CLI1

The dollar sign $ is replaced by the pound sign # if the shell is running as the root user. This symbol makes it apparent that it is a superuser shell, which can help to avoid accidents and mistakes on the accounts with elevated privileges.

CLI2

Using bash to execute commands can be very robust. The bash shell also provides a useful scripting language that can support automation of tasks. The shell even has additional capabilities that can help simplify or make operations that seem difficult in a graphical user interface (GUI) as simple as a single command.

Users access the bash shell through a terminal. A terminal provides a keyboard for user input and a display for output. On text-based installations, this can be the Linux machines physical console, the hardware keyboard, and screen. Terminal access can also be configured through serial ports. Another way to access a shell is from a virtual console. A Linux machines physical console supports multiple virtual consoles which act as separate terminals. Each virtual console supports an independent login session. If a graphical environment is available, it will run on the first virtual console. With a GUI running, you may access a virtual console by pressing Ctrl+Alt+F1 to go to the first console. You may use this combination, changing the F1 key out for F2 through F6, each representing their console.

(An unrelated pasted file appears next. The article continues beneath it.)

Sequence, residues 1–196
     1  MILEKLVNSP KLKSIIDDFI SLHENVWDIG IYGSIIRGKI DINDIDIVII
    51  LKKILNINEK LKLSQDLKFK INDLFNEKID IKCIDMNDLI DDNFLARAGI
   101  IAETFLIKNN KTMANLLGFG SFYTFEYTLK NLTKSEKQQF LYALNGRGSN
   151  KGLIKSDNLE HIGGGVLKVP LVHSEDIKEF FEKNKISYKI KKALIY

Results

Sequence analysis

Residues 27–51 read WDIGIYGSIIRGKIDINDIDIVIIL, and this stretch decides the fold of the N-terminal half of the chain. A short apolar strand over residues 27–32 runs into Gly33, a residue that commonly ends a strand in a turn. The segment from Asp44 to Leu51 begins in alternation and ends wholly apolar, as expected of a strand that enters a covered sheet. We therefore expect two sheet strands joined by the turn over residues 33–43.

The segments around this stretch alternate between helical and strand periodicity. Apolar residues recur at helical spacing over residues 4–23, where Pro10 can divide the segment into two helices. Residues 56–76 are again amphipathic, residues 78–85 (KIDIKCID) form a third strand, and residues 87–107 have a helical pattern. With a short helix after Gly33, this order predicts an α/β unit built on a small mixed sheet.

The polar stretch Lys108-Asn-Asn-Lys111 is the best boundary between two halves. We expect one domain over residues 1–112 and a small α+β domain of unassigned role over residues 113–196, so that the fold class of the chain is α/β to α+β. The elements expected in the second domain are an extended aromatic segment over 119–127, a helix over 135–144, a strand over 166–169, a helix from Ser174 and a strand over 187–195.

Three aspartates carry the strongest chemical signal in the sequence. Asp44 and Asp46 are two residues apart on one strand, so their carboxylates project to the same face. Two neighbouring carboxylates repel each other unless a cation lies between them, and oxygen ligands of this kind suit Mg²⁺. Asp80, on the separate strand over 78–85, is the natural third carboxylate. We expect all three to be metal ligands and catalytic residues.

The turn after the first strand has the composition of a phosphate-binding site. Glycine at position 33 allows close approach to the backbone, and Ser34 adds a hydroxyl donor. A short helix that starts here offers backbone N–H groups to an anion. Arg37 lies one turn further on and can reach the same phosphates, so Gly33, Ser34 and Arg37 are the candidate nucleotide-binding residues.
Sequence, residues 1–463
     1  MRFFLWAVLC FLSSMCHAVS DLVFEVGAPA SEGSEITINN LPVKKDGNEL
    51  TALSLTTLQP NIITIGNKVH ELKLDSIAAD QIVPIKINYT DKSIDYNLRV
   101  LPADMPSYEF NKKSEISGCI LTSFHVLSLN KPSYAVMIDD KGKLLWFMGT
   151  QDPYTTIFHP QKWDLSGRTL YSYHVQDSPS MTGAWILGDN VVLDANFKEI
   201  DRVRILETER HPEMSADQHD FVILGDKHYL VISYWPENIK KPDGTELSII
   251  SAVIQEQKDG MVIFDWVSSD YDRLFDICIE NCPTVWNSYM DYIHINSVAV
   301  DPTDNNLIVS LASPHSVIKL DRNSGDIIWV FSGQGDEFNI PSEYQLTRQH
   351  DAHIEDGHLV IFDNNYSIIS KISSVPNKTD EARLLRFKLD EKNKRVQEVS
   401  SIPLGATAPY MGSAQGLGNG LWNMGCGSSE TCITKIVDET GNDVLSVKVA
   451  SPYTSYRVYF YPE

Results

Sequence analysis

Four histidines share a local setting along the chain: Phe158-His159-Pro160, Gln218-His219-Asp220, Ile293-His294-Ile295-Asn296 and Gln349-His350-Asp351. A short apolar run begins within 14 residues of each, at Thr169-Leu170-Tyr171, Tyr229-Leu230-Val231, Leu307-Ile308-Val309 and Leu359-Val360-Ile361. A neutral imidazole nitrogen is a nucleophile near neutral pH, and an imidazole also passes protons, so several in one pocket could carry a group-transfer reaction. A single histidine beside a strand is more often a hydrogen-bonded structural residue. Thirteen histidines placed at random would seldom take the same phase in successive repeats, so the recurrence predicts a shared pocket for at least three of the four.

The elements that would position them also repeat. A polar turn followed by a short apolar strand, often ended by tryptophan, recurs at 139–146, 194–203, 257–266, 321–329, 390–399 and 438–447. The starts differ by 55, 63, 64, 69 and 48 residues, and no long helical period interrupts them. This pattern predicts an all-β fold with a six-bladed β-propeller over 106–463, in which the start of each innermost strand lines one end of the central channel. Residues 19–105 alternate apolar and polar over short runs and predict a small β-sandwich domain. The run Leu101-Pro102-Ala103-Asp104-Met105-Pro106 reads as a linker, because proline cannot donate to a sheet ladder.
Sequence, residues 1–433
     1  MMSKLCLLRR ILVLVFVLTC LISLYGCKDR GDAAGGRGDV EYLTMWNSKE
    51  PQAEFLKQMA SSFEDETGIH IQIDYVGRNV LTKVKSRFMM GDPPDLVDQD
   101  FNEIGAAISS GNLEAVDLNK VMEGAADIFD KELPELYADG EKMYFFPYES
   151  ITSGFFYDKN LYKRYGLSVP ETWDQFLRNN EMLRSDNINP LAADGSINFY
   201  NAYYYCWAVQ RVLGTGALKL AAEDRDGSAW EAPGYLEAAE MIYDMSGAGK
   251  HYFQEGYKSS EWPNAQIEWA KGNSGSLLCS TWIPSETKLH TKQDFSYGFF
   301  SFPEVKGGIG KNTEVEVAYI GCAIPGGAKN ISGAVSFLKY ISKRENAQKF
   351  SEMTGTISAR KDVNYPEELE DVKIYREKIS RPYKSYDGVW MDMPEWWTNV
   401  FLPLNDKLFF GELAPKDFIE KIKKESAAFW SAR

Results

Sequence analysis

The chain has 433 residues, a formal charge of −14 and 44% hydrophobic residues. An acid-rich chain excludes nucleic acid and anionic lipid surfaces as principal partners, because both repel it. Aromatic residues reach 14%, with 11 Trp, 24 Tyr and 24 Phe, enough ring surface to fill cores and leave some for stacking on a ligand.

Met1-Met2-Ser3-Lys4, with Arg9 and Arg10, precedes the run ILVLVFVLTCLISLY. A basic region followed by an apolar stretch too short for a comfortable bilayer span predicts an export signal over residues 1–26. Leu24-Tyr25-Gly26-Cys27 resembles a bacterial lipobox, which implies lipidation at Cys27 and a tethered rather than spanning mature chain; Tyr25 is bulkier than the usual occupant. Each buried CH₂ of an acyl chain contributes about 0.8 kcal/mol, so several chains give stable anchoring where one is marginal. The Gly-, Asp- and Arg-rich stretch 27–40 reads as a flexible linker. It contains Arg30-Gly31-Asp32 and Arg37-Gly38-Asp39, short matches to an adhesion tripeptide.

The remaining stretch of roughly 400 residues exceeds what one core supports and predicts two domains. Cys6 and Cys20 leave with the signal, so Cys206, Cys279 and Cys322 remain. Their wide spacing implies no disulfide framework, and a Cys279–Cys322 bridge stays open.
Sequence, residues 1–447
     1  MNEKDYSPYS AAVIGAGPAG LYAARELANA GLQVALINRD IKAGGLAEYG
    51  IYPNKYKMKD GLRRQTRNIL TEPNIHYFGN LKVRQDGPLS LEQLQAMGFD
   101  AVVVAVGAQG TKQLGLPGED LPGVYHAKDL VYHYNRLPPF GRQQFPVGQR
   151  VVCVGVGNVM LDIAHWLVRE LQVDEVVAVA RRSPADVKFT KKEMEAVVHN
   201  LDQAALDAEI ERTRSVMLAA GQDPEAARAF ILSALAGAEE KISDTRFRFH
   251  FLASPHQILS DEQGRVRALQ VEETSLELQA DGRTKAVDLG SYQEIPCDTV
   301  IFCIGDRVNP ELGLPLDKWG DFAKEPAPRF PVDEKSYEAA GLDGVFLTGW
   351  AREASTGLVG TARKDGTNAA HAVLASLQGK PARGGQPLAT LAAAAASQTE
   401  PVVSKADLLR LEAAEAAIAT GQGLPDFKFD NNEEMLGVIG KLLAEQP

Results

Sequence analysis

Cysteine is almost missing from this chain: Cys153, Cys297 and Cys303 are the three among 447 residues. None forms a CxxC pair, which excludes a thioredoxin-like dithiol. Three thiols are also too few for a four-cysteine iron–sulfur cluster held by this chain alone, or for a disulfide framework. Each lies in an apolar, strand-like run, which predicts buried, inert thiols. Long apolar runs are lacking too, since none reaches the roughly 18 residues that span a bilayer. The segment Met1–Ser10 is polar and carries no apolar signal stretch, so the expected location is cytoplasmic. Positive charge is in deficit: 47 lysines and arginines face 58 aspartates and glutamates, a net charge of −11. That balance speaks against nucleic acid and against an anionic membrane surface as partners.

How To Use The Shell?

Commands entered at the shell prompt must have three basic parts:

  1. A command to run
  2. Options to adjust the behavior of the command
  3. Arguments, which are targets of the commands

The command is the name of the program to run. It is usually followed by one or more options, which adjust the behavior of the command. The command options will start with either one or two dashes (ex: -a or –all) to distinguish them from other arguments. Commands may also be followed by one or more arguments or flags, that often indicates a target that the command should affect. For example, the command